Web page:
New figures released by the CIPD have revealed that workers in the public sector take more sick leave than private sector workers. There is a difference in the number of average sick days taken per year – 7.9 days in the public sector compared to 5.5 days in the private sector. Along with recent strikes by junior doctors opposing new contract changes, this news could be agitating to those who think people employed in the public sector have an easy ride. With generous pensions and pay rises, do they have it better off than private sector workers?
The answer is not really, of late. Public servants have seen pay freezes implemented, increased workload and have had to endure thousands of jobs cut. This review on sick leave and absence management has highlighted differences between the workers, but workforce health expert Stephen Bevan thinks there are factors which explain the disparity.
Level of Risk
Compared with the private sector, many job roles in the public sector have a higher risk occupational risk. Many workers in the NHS for example are at higher risk of illness and injury, including back injury and infection from patients, than other workers. Don’t forget that prison officers, firefighters, police officers and health and social care workers are also at risk every single day from injuries or mental health issues which could lead to long term sickness.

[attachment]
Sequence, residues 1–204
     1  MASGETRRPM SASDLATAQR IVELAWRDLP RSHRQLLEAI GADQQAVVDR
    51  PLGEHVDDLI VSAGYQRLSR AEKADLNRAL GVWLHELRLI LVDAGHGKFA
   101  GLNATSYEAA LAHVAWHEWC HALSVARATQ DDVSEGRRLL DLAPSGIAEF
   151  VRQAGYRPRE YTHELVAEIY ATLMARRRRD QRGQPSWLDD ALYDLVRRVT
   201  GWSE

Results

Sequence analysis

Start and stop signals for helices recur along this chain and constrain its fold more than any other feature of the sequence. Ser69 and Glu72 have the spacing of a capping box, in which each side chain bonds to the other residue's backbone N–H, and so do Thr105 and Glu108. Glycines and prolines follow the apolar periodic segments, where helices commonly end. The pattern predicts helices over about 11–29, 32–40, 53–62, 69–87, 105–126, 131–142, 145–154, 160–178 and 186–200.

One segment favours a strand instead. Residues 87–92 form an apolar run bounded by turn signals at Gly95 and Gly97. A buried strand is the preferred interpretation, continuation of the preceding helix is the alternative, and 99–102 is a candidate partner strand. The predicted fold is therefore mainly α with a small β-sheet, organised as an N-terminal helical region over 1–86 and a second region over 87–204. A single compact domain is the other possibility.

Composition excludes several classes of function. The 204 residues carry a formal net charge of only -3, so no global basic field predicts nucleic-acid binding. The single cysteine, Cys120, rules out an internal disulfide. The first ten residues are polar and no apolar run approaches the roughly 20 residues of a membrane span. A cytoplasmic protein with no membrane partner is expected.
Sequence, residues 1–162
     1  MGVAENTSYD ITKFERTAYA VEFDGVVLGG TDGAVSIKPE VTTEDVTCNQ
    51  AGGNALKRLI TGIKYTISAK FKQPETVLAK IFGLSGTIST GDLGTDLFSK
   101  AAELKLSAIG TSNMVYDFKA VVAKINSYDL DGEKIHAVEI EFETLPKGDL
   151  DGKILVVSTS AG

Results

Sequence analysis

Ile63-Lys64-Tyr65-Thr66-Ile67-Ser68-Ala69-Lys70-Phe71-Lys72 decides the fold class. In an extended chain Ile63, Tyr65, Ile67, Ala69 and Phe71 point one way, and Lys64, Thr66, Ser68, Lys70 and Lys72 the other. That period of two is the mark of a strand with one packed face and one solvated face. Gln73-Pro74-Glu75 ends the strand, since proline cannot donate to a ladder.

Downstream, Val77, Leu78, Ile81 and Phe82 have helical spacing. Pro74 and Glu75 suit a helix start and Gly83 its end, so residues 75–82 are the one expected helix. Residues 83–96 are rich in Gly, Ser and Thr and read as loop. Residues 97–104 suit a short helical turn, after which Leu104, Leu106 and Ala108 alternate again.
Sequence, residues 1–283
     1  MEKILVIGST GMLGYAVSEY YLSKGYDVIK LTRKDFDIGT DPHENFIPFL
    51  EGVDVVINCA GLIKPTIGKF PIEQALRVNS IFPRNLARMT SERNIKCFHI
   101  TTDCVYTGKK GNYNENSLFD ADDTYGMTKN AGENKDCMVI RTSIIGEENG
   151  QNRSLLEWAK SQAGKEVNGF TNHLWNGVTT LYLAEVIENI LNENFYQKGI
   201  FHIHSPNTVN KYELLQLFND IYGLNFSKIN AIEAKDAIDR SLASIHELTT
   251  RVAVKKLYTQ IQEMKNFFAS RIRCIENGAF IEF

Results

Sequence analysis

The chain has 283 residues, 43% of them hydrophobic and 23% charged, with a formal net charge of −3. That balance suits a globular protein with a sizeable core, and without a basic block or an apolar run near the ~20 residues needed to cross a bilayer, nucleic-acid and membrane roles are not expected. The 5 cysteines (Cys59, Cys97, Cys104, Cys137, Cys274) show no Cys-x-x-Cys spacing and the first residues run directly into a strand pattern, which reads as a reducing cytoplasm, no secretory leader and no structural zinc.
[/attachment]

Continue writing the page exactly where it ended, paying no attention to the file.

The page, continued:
There is a chance that not all sick leave is taken because the worker themselves is ill. Sometimes they have no choice but to take unplanned time off work if their children are sick, for example, or they have to take care of elderly parents. As the public sector employs a lot of women, and women are more likely to take time off work if their children are off school for example, this could be a factor in the higher days of sickness. It’s also been found that these women in poorly paid roles in the public sector have poorer than average general health.
Another factor to consider is the accuracy of the figures which were used in this review. For example, public sector organisations are forced to keep records of absence, whereas it is up to private businesses to keep them for their own research. Small firms in particular may not have particularly accurate ways of recording absence. Less than 75% of private sector firms keep comprehensive absence records, compared to over 90% in the public sector.
What do you make of these sick leave figures? Does it matter who takes more sick days off?